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What are the Most Common Causes of a Constant Upset Stomach?

By Harriette Halepis
Updated Mar 03, 2024
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A constant upset stomach can be caused by a number of different factors,, including stress and an unhealthy lifestyle. When a constant upset stomach is accompanied by bloating or severe pain, it is necessary to visit with a medical doctor. Identifying the cause of regular stomach pain can be achieved by eliminating various possibilities.

Diet can cause a person to suffer from a constant upset stomach. A diet that is high in fat or sugar may lead to stomach upset. Likewise, eating meals too quickly can cause an excessive amount of gas and bloating. Alcohol, caffeine, and nicotine may also lead to digestive problems. In addition to food consumption, abdominal pain may be caused by a high level of stress or certain medications that irritate the stomach lining.

Occasionally, a constant upset stomach is a sign of a serious medical condition. Some medical conditions associated with severe stomach pain include peptic ulcers and cardiac ischemia. If stomach upset persists for more than one week, regardless of altering one's diet or taking over-the-counter medication, it is best to speak with a medical doctor concerning this condition.

In order to diagnose the cause of a constant upset stomach, a doctor must perform a general checkup. Through a process of elimination, the cause of stomach pain can usually be determined. In most instances, stomach discomfort can be treated with prescription medication. Depending on the cause of pain, a medical procedure, such as surgery, may be necessary.

When weight loss and bloody stools are associated with stomach pain, it is vital that medical attention be sought immediately. In this case, an endoscopy may be necessary in order to diagnose the cause of a constant upset stomach. Those who wish to avoid a visit to a medical doctor can attempt to find the underlying cause of stomach upset by keeping a food diary, avoiding alcohol, eating meals slowly, and avoiding any anti-inflammatory medications that may lead to minute pain. It is also important to avoid stressful situations, since stress can play a large part when it comes to abdominal pain.

Keep in mind that any persistent stomach pain may require medical attention. If the aforementioned self-diagnosis tactics do not work, make an appointment with a general medical practitioner as soon as possible. As with other parts of the body that may cause distress, stomach upset can be an indication that a more serious disease is lurking.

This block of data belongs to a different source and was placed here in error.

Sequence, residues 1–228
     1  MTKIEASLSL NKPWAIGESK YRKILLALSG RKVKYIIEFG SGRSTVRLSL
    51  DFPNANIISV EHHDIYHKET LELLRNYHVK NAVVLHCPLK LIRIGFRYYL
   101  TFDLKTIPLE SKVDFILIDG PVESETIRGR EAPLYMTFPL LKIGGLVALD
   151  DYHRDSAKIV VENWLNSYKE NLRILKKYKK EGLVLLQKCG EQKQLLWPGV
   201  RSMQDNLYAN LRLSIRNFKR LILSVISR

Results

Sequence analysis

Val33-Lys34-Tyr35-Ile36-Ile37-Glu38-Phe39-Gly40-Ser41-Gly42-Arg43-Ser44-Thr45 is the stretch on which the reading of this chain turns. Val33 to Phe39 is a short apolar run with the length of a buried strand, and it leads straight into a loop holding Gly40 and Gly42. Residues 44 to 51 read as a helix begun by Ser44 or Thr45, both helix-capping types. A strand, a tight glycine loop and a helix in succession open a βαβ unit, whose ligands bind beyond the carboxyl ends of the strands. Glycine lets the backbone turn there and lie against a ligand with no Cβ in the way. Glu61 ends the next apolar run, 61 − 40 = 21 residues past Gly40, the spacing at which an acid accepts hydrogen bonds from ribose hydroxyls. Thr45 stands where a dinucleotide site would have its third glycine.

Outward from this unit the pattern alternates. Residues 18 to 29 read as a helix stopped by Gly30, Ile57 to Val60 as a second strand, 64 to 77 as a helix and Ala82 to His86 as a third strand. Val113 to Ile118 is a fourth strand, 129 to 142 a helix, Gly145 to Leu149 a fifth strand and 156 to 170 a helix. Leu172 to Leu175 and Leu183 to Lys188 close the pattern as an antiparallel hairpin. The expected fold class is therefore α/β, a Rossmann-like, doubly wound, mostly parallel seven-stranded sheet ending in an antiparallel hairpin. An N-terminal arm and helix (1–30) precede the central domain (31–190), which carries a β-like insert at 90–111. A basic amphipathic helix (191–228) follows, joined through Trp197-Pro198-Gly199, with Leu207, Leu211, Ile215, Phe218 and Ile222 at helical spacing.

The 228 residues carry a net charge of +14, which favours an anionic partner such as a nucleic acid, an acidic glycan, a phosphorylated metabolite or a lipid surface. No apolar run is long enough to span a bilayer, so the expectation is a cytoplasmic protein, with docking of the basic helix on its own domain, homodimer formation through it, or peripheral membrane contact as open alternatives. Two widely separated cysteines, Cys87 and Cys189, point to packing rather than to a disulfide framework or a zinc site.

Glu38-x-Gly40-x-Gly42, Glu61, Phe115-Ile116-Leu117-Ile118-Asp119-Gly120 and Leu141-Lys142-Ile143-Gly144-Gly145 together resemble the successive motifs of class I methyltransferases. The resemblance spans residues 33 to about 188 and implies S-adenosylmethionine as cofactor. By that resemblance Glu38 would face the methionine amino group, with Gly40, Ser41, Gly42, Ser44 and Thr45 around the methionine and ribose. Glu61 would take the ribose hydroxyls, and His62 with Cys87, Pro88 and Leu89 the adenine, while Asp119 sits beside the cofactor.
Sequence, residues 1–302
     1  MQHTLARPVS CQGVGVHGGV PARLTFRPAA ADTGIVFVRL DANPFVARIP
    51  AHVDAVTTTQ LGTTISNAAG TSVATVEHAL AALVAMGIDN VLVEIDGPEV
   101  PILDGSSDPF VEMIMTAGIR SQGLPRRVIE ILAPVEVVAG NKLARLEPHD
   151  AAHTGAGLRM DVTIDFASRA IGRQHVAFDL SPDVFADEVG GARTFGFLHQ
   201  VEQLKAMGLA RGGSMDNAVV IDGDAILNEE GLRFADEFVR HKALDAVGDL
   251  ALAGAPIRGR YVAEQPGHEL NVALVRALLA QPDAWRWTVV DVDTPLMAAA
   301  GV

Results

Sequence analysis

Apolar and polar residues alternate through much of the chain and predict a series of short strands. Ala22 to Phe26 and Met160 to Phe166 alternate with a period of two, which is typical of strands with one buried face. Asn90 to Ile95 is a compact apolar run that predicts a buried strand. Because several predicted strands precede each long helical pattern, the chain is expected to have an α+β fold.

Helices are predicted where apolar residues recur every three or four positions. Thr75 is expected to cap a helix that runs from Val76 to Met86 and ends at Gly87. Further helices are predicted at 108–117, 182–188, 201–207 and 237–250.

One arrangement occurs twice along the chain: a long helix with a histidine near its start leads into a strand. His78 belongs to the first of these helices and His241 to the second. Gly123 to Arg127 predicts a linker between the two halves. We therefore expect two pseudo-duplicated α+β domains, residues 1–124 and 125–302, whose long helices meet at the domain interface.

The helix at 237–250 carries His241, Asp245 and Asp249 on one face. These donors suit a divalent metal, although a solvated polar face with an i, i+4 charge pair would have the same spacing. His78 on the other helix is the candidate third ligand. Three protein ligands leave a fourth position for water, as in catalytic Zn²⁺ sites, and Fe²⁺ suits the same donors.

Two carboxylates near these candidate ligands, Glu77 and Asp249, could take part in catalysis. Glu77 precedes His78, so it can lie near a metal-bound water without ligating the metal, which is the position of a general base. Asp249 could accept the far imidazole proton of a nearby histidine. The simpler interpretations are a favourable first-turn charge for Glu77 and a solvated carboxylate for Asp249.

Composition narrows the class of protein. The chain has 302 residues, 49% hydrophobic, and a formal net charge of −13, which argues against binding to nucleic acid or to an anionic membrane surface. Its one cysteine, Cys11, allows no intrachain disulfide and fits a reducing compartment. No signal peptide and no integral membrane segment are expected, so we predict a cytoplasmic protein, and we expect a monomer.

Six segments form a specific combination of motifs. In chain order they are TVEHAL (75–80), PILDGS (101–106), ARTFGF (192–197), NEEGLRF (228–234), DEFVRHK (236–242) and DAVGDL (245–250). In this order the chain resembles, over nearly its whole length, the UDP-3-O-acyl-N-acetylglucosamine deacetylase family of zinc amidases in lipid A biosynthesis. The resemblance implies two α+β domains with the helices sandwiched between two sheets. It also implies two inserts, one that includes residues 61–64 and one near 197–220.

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Discussion Comments

By anon343146 — On Jul 27, 2013

I am on my period and having vary bad stomach pains. It keeps me up all night. What do I do?

By anon330450 — On Apr 16, 2013

I've been having problems since I can remember. It started when I was little and it's still happening.

Sometimes I go three times to the toilet and sometimes once. When I don't go to the toilet for a long time, then I have diarrhea and pain all the time.

I went to a doctor a lot of times, but nobody cared about me. They say its just because I'm stressed but it's getting chronic. Now I'm really depressed about my life. I'm not sure if there`s help for me.

By anon327471 — On Mar 28, 2013

Ever since my school days, I had stomach pain and I took ranitidine for three months, and I was cured at that time. After a ten-year gap, again I had stomach pain and without consulting the doctor, I took an omeprazole from the medical shop and again didn't have pain for another two years.

Now again I am having the same problem and am hurting severely. I even went to the hospital to see the doctor and started medication, but still I am having severe stomach pain associated with back ache. Kindly advise me, please.

By anon318920 — On Feb 09, 2013

I like to share a miracle, and maybe someone else can benefit from it.

I have had stomach upset from last four years, rushing to the toilet five or six times a day. I have been consulting specialists and one of them advised me to see if any food makes it worse. After omitting certain food for certain days, I found red onion was making it worse. Onions have so many good qualities but in my case, they were causing me more trouble. When I stopped eating red onion, my problem was cured by half. I had no problem with orange onions.

It’s always good to consult your medical specialist, but sometimes they might not have an answer for you. A couple of weeks ago, I was having craving for “Jal Jeera” -- something I have not had from years. I took a half tablespoon of Jal Jeera and mixed it with cold 7-up, and enjoyed with my dinner. The next day, I was feeling real good, so I had Jal Jeera again over the next couple days. Touch wood, my problem is gone since then. Now I only have to use the toilet once a day.

By anon305925 — On Nov 28, 2012

I've had stomach pain since I was five years old. Every time I went to school, my stomach would start to hurt, so I couldn't eat breakfast Monday through Friday. My parents say it's because I'm nervous, but I haven't asked my doctor yet.

Sometimes I would rush to the bathroom, but other times I don't. I'm perfectly fine on Saturday and Sunday, but there are certain foods I can't eat since I get pain.

By anon284191 — On Aug 08, 2012